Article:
Click Here to Read More on New Genetic Research that Uncovers the Cause of Alopecia Areata

Some companies are offering sophisticated hair reproductions without surgery that are nearly undetectable to the eye. Other firms have hit the market recently offering a range of custom-made hair systems designed specifically for women and children who suffer from alopecia.

Bringing Attention to Alopecia

"All young girls who have this disease should still feel like they can be a princess," says Kayla Martell, who was diagnosed with alopecia areata 10 years ago and has been nearly bald ever since.

Last month, the graceful 21-year old became an instant champion for young women stricken with the disease when she donned a blonde, shoulder-length wig and beat out 15 other contestants to be crowned Miss Delaware 2010.

Now the illness is her platform for the Miss America competition in January. She says wearing a wig presented her with a surprising opportunity to bring attention to alopecia and those diagnosed with it. Martell entered the Miss Delaware pageant four times - twice without a wig - before winning.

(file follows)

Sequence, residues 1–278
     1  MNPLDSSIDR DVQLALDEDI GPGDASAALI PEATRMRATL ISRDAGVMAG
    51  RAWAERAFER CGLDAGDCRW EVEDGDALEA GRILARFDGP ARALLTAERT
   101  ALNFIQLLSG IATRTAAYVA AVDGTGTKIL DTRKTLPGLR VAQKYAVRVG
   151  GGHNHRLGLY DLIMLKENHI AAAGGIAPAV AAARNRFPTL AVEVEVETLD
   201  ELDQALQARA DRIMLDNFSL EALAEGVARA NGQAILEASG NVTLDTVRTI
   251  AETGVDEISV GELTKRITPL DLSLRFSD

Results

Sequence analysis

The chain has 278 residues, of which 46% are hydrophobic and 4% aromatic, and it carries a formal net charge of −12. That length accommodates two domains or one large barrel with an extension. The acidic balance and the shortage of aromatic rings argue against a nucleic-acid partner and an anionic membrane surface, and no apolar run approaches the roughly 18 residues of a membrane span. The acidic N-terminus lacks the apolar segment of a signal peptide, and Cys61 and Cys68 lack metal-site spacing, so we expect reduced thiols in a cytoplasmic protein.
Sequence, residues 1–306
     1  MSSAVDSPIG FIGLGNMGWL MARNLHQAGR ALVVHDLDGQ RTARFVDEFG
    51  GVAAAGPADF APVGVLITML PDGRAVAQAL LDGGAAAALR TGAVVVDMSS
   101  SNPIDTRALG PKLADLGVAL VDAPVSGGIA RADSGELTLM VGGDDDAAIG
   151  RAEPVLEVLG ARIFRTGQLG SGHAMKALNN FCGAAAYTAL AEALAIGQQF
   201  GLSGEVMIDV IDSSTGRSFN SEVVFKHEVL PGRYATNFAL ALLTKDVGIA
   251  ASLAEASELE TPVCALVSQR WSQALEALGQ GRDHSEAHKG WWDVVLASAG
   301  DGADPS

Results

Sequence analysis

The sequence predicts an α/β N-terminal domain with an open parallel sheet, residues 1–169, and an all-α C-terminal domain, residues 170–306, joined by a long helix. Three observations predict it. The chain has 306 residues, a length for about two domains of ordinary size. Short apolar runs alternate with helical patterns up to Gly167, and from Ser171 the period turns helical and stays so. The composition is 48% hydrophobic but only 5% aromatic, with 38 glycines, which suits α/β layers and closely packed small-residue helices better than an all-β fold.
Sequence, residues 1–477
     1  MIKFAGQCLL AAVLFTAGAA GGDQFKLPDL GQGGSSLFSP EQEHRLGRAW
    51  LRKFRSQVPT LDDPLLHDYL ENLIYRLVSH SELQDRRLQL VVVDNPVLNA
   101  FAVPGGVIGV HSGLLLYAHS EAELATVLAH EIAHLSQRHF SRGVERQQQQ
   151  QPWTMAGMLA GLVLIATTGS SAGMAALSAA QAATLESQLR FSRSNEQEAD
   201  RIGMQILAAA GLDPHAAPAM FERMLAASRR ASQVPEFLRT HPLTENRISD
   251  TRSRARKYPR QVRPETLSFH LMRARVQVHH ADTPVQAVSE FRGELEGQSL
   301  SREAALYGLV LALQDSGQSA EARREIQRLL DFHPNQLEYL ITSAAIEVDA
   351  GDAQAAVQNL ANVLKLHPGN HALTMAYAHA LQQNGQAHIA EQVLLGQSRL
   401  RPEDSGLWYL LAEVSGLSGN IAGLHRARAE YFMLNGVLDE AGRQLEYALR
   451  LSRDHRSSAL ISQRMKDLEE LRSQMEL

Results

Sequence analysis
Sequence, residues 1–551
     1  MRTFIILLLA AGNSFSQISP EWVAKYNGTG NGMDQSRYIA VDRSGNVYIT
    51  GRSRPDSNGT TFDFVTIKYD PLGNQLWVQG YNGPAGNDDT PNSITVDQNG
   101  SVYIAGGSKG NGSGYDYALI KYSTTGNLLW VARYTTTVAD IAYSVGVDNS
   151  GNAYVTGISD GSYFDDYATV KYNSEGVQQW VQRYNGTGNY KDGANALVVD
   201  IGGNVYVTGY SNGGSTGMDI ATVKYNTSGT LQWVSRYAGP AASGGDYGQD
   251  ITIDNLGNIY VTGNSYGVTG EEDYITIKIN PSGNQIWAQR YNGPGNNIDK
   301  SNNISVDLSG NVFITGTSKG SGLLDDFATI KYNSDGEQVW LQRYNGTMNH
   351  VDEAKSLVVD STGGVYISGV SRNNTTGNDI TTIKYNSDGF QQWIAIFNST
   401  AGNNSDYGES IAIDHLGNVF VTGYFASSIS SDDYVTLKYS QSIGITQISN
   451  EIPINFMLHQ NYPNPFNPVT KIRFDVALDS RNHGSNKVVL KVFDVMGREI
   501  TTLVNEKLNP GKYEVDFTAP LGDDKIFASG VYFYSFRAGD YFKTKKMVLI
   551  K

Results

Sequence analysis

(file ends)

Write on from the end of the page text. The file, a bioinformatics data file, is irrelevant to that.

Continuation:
"I'm living proof that you can wear a beautiful wig and still be comfortable with who you are," says Martell, who volunteers at alopecia support groups and speaks at events sponsored by the National Alopecia Areata Foundation, which supports research to find a cure or treatment.

"It's my hope that the attention I receive will make a difference in the lives of any child or person who loses their hair to alopecia," she says.

Building Hair Systems

Creating non-surgical hair systems for alopecia and other hair loss patients is a complicated affair.

Hair Club for Kids employs an intricate process called Bio-Matrix in developing replacement pieces for clients such as Makenzee. The hair systems are made of real, donated hair and adhered to the scalp using safe adhesives. The hair systems can stay on the scalp for week or months at a time with maintenance akin to going to the salon every six weeks.